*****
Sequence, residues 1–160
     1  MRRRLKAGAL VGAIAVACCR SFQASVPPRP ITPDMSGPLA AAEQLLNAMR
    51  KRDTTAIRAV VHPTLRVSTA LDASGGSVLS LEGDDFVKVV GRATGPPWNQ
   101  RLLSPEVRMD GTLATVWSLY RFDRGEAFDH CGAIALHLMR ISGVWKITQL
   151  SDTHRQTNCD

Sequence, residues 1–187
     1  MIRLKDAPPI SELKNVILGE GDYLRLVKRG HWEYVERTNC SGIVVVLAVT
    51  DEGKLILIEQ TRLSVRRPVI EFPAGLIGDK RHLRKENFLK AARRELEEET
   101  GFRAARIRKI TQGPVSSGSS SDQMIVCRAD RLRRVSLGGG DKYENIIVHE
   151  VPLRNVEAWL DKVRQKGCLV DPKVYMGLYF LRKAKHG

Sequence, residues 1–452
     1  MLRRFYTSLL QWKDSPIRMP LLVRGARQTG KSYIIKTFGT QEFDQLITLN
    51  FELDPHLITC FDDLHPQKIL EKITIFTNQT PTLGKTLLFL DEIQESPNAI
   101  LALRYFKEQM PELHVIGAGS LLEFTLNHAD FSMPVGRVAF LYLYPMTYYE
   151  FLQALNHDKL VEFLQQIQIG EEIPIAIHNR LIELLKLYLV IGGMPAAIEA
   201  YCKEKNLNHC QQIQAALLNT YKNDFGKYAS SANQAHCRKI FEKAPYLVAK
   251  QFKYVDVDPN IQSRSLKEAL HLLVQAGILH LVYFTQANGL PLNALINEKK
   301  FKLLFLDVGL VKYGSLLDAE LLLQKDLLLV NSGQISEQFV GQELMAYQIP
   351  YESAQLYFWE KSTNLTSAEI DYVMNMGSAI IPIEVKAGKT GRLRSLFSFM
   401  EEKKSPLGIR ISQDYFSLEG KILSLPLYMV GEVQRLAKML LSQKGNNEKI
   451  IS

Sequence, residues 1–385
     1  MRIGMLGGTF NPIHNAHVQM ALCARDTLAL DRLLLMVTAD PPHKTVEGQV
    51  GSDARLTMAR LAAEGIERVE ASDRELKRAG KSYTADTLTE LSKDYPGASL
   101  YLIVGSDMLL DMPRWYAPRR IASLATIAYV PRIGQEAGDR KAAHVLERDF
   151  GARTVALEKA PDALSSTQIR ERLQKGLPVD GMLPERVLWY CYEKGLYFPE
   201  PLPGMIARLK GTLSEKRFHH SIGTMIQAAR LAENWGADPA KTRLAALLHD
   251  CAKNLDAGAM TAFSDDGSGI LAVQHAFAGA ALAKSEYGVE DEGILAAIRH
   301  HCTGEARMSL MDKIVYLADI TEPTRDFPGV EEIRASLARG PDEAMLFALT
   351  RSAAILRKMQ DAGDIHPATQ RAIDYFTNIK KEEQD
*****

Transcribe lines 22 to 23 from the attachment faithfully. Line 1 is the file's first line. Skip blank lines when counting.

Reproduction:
Sequence, residues 1–385
     1  MRIGMLGGTF NPIHNAHVQM ALCARDTLAL DRLLLMVTAD PPHKTVEGQV